This project focuses on understanding the potential for nanoscale engineered materials to advance state-of-the-art spectroscopic techniques and foster the understanding of applications of new quantum phenomena for future real-world nanoelectronic, optoelectronic, and quantum computing applications.
This project focuses on manipulating nanomaterials, including weakly bonded van der Waals systems, and probing emergent phenomena in these nanoengineered systems to impact technologies such as nanoelectronics, optoelectronics, quantum sensing, and quantum computing. Developing processes to controllably tune interfaces, electrical, and optical properties is critical to achieving technological applications. Moreover, understanding the complex interplay between the structure and ultimate performance can provide valuable insight into the utility of novel nanoscale materials. Particular emphasis is placed on novel measurements of chemical, physical, and electrical properties to fully interrogate nanoelectronic systems and provide the measurement foundation for advanced manufacturing of innovative future applications. Several approaches are investigated, including developing chemical surface modification methods which enable controlling, tuning, and altering the electrical and optical properties of low-dimensional materials and understanding quantum confinement in solution-processed materials including 2D materials and perovskites.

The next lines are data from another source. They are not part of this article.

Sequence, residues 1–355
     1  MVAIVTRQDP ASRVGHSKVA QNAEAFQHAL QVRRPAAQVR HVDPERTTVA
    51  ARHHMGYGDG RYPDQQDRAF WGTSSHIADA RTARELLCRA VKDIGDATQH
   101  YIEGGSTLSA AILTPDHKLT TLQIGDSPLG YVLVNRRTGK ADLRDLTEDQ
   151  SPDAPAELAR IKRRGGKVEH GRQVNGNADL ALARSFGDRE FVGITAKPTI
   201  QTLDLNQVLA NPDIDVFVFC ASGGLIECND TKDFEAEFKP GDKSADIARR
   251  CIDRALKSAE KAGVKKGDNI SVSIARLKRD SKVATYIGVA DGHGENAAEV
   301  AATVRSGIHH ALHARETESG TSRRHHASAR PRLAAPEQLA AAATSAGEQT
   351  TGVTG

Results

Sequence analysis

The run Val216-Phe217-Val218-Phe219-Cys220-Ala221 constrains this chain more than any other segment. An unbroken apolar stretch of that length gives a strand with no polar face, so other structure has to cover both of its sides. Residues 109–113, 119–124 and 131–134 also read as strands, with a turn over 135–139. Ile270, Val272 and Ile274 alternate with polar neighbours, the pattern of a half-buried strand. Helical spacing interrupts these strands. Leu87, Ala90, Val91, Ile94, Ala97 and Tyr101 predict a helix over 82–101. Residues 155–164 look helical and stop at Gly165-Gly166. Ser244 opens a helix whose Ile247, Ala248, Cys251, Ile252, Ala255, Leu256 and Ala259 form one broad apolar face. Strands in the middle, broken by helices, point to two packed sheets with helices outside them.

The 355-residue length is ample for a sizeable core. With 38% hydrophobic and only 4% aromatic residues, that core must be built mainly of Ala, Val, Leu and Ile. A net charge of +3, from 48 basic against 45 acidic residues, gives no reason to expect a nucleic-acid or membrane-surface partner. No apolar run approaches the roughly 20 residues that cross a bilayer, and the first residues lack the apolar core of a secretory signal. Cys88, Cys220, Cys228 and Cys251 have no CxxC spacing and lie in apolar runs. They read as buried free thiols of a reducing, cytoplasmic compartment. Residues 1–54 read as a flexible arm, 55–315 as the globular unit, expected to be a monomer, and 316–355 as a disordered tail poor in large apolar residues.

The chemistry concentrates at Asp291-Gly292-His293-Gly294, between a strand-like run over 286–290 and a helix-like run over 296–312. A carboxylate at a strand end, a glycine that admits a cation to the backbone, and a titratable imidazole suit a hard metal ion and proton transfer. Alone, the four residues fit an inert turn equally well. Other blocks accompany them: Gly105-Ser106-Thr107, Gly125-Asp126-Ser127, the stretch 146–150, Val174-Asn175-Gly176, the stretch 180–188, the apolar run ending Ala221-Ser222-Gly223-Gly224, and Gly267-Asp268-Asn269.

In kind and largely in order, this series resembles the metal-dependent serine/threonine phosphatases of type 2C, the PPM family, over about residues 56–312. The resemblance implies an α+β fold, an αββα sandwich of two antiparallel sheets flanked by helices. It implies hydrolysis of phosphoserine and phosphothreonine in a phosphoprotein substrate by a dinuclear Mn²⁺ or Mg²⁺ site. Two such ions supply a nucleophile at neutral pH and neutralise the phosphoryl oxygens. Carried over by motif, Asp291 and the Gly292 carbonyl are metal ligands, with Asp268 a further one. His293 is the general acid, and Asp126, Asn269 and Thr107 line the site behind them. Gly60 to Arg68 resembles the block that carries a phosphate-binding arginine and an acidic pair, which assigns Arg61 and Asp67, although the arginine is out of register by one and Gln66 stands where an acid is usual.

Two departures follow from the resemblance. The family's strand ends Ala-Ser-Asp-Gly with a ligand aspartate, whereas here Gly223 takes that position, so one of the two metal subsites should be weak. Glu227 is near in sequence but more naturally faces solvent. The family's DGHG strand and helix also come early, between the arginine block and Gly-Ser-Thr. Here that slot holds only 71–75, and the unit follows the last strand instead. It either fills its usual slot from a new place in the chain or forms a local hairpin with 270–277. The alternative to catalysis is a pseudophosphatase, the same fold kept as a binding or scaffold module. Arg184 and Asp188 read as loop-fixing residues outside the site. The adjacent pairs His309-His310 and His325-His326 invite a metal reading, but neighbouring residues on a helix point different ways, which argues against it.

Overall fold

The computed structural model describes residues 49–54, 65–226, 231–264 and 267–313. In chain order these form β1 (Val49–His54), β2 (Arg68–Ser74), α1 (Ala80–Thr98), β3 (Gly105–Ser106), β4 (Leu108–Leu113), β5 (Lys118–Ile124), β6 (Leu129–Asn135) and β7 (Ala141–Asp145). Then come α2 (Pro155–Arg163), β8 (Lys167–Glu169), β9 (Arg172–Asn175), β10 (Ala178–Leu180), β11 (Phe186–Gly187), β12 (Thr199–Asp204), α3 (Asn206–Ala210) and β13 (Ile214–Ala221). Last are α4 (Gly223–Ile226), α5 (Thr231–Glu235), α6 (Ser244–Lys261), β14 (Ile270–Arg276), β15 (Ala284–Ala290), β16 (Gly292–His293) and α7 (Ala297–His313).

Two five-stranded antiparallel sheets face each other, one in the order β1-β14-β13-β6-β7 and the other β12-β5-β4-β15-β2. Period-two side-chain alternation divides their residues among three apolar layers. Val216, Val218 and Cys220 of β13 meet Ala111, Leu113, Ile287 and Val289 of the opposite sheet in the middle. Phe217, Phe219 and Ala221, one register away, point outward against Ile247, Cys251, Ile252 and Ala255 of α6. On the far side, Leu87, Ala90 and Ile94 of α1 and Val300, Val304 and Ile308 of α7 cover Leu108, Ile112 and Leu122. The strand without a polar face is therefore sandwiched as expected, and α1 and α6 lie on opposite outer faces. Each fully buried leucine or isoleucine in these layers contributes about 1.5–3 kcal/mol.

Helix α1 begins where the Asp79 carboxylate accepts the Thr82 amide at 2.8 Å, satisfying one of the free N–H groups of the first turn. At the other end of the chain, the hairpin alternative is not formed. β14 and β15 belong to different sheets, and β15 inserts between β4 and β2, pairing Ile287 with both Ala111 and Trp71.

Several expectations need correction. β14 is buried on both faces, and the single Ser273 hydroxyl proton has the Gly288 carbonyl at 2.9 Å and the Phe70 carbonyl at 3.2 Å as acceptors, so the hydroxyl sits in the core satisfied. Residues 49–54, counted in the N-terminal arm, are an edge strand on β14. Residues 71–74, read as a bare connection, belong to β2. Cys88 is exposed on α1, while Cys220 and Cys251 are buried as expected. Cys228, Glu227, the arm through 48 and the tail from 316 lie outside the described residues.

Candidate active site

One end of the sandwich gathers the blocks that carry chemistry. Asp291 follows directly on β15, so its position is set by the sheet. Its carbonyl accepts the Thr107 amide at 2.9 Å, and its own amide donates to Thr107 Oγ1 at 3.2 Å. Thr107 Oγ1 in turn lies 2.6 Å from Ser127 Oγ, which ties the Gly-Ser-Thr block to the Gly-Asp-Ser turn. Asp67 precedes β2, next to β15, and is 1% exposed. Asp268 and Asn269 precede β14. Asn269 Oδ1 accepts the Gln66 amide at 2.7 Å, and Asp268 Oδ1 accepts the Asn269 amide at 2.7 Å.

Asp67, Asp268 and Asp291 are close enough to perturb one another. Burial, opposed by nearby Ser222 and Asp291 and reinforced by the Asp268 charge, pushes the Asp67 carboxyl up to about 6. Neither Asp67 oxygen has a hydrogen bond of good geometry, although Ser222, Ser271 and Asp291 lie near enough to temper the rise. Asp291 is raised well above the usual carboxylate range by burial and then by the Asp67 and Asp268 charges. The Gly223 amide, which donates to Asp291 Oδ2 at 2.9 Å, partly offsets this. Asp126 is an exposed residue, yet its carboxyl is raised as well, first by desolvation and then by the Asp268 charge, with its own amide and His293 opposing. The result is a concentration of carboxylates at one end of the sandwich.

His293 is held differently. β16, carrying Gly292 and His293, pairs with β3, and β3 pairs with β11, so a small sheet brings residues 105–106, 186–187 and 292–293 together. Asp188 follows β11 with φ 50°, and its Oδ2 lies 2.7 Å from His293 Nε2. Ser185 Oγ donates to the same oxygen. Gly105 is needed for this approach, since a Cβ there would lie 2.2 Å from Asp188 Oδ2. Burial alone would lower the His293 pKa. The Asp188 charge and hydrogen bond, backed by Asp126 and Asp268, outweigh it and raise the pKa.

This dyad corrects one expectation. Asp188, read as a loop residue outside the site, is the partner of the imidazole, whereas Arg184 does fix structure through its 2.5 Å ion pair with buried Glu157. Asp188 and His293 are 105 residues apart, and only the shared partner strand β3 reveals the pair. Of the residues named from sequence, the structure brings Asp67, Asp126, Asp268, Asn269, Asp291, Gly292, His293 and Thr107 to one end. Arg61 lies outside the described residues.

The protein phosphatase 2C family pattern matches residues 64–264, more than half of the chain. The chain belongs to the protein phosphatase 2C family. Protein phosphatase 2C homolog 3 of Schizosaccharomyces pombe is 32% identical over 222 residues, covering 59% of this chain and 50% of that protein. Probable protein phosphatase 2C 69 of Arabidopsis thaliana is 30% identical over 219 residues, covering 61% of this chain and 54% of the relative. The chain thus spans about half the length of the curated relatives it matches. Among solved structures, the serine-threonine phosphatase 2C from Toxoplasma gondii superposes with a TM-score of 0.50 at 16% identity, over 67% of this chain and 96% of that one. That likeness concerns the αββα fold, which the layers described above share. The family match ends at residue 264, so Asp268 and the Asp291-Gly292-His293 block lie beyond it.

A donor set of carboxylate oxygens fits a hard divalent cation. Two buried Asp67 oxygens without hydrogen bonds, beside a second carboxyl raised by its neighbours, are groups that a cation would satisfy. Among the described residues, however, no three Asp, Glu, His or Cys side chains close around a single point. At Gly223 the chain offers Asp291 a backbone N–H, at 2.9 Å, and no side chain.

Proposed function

The project focuses on understanding the factors that govern critical properties in devices building upon extensive expertise in molecular electronics foundations including the formation and characterization of molecular layers and fabrication and qualification of electrode-molecule-electrode junctions which feed into to a fundamental understanding of charge transport at molecular interfaces. Core competencies include developing surface functionalization and spectroscopic characterization approaches to accelerate the development and characterization of advanced nanoelectronic devices.
From a metrology perspective, this research examines the critical measurements of confined materials and the role that chemical functionalization and manipulation can play to passivate or enhance performance. We also explore device applications of modified materials to advance spectroscopic characterization and as test cases for the critical performance indicators of 2D-based devices. Systematic characterization of the resulting solution-processed thin-film quantum materials are necessary to understand the quantum, electrical, and optical properties of these thin-film semiconductors and develop the relationship between the microstructure and device properties.